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Sunday, January 11, 2009

Two things I (really) learned in college

I learned plenty of things in college. Some of that actually had to do with literature and writing. And some of that I might actually remember if prompted to recall a tiny bit of it. At the top of the list of things I (really) learned in college are:

Never put a shoe in the microwave.
Never make a cake in the microwave.

I suppose it’s ironic that these two things have to do with a microwave. I’m just lucky I didn’t have a dorm room with an oven or more powerful cooking implement, though as I recall I did have a small plug in thing that could make six cookies at a time. The first time I used it, I had the bright idea to store it with the instructions tucked inside. The second time I used it….I had forgotten about the instructions and succeeded in giving the instructions a good baking.

Never put a shoe in the microwave.
I had a horrible time shining my shoes. After another inspection where my uniform was fine but my shoes looked duller than dull, my ROTC commander offered some advice. Now, perhaps he hadn’t known me long enough to know that generally speaking I was a klutz. My definition of having had a bad day was if I’d sustained injury of some sort, and I had bad days about once a week. So when he advised that I LIGHT MY SHOE ON FIRE in order to get the shoe polish wax to melt, he had no idea what those instructions were capable of doing to my 17–year-old mind. Sure. Light the shoe on fire. Really all he wanted me to do was hold a lighter’s flame against the shoe, but this was most certainly translated as, light the shoe on fire. I sat in my dorm room for a while, pondering this idea. I didn’t have a lighter, or matches (probably good thing I didn't, too).

But a microwave would provide heat, right? And all that was needed was a little heat to melt the shoe polish wax.

It might have worked for a second longer, but I’d left the shoe tree (that was metal) in the shoe. One arch was all it took for me to hit the cancel button and wonder, How Stupid Could I Be? The room filled with a stomach turning smell of burnt rubber. I abandoned all desire to have shined shoes and opened a window, hoping to air it out before my roommate returned. Unfortunately for me, there was still a slight lingering smell when she returned. Fortunately for me, she listened to my logic and we shared a chuckle at my illogical thinking. We agreed no non-food items in the microwave ever again. (And I got better advice about using a hair drier to heat the shoe polish from one of the other cadets- much safer than fire or microwaves).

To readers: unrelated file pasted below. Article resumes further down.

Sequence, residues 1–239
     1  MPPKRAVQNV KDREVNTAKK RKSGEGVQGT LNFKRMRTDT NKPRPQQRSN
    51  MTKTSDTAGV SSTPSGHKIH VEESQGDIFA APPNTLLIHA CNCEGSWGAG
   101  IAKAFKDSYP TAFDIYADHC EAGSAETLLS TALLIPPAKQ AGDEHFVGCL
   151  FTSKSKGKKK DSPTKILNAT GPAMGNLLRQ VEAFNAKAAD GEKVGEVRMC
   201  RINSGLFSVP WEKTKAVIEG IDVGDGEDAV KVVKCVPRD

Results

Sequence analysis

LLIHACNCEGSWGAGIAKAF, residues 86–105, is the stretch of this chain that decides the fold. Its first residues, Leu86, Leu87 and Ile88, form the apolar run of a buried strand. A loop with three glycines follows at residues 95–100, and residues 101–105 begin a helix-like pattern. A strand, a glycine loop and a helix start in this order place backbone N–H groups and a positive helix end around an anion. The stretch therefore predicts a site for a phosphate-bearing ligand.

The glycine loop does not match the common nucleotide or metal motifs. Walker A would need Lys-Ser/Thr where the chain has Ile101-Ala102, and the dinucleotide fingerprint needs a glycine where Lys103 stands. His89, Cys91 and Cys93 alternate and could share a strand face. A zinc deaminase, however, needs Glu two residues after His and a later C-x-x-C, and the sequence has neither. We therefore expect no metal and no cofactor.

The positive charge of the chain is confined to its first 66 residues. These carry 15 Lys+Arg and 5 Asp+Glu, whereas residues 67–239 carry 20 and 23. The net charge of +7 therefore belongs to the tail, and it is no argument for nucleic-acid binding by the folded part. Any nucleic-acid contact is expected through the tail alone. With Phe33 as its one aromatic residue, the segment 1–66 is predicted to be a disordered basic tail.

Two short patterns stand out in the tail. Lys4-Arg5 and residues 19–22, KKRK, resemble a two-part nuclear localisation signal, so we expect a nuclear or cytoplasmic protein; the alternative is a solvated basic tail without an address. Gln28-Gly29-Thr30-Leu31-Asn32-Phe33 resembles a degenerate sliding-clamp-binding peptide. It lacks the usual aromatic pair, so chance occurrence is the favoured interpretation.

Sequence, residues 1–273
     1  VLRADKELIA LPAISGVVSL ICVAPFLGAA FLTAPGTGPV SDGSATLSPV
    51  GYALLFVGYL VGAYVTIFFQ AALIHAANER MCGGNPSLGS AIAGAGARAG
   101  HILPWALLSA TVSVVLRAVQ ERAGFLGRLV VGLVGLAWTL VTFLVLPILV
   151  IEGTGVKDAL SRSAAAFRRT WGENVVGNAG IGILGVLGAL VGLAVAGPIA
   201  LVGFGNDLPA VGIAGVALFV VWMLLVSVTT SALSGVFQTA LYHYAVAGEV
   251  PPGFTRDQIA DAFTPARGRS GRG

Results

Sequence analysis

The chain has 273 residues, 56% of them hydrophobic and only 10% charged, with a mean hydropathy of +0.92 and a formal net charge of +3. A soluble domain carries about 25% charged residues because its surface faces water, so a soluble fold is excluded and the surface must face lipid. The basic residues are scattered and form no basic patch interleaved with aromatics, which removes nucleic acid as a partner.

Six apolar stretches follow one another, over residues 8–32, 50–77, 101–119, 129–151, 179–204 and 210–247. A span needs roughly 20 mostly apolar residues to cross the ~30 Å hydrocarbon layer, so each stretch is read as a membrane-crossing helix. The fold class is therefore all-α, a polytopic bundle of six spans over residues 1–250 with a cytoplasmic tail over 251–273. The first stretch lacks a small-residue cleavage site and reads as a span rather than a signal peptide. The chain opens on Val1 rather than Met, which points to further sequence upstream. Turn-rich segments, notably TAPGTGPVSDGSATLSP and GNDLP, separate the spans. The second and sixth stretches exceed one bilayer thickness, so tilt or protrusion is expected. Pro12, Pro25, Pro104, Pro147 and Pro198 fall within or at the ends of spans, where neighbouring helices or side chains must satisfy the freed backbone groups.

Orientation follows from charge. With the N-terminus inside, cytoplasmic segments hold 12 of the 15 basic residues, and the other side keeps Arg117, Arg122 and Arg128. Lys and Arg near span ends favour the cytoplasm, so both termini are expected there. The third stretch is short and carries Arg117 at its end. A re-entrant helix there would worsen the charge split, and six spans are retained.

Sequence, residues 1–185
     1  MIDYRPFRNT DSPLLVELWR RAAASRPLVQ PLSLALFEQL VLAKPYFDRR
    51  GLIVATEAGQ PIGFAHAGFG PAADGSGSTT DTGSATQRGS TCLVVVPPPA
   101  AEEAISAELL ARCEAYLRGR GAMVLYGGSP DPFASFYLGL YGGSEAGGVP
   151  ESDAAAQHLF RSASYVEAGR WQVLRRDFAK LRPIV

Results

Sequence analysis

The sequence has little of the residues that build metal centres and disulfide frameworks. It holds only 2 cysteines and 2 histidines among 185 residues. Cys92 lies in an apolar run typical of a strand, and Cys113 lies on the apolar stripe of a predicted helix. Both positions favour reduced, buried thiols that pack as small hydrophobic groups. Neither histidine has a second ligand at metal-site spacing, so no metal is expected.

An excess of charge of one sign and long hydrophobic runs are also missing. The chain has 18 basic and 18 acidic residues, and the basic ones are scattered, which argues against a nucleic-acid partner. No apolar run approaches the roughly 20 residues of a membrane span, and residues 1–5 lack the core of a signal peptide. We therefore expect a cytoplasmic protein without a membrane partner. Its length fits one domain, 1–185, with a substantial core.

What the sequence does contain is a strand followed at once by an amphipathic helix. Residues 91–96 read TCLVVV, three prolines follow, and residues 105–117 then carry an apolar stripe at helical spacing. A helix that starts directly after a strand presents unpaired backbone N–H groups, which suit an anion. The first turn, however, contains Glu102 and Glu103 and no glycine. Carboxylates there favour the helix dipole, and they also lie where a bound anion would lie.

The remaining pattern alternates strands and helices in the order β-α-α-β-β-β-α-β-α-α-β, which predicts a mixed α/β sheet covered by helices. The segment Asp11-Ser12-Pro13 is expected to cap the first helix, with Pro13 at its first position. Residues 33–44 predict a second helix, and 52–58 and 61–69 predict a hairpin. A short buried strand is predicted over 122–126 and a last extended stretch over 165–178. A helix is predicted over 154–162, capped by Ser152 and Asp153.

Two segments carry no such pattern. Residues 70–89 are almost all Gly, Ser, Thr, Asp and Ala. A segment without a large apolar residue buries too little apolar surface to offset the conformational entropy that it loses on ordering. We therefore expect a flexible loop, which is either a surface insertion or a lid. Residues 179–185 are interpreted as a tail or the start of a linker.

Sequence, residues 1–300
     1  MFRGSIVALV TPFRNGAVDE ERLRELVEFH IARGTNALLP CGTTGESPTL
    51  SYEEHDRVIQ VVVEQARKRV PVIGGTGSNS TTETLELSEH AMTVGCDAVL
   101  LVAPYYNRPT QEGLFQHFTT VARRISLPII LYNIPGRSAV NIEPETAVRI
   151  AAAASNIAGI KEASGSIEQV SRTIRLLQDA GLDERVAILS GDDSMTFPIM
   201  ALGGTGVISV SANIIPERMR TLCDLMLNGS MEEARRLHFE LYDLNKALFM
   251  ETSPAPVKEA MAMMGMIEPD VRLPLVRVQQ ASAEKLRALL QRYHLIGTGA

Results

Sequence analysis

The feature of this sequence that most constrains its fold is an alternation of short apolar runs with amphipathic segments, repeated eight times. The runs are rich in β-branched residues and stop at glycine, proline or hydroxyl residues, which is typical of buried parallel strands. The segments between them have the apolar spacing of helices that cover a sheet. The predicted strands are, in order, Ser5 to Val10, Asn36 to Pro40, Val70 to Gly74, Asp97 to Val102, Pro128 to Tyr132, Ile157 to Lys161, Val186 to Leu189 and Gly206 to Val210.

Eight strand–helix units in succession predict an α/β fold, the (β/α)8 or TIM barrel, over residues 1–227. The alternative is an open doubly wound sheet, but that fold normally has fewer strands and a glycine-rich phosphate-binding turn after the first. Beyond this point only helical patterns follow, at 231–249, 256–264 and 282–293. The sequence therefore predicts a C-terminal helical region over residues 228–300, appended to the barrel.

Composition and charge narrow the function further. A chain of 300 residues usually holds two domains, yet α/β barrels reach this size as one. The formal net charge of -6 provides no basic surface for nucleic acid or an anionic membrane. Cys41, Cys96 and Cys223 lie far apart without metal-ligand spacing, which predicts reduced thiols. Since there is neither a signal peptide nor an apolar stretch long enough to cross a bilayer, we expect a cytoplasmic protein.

Never make a cake in the microwave (or, possibly, follow directions closely).
I really wanted strawberry cupcakes, but with no oven, I decided to use a recipe I had for a microwave strawberry cake. I cobbled together *most* of the ingredients, and decided I didn’t want the frozen strawberries it called for…and when I realized the recipe called for wax paper to line the bowl, figured a quick coating of butter would work as well. I wasn’t sure if my bowl was a 3 quart bowl, but figured on the absence of the aforementioned strawberries to prevent any overflow problems. Just in case there was overflow, I put a paper plate down before setting the concoction in the microwave. I entered in the amount of time indicated on the recipe, and helped myself to the strawberry frosting I’d bought.
When the microwave dinged, I opened the door and saw…
a volcano of pepto bismol.

I pulled the “cake” out of the microwave and stared disappointedly at the massive pink blob as it burbled a few more times, sending more pink goo down the side of the bowl and onto the plate.

Well, the plate was a good idea, at least. I helped myself to more of the frosting and scraped away some of the overflow and extra batter. Then I put the concoction back in the microwave and cooked it for the magic 3 minutes, which had always worked at my parent’s house when cookies needed more time to cook.

Ding.

I opened the door to find more oozing pink goodness. I pulled it out and examined its viscosity. It wasn’t too far from hardened. Didn’t they say in home-ec that the microwave cooks from the inside out? Maybe if I set it out on the counter and left it be for fifteen minutes, the magical microwave forces would finish cooking the cake! Or, failing that, maybe a kitchen fairy would poof my cake into perfection.

So, down to the tv room I went, and hung out for around thirty minutes.

Hope in my heart and the taste of strawberry cake with strawberry frosting filled my thoughts as I came back upstairs to find what the kitchen fairy had done to finish my cake.
Except there is no such thing and the cake was still a half solid pepto-pink mass of strawberry -smelling -goo. The evidence of which I quickly destroyed by walking it out to the dumpster (leaving no trace of the experiment for my roommate to find). The icing…well, I was craving strawberry…and the icing didn’t need to be cooked…

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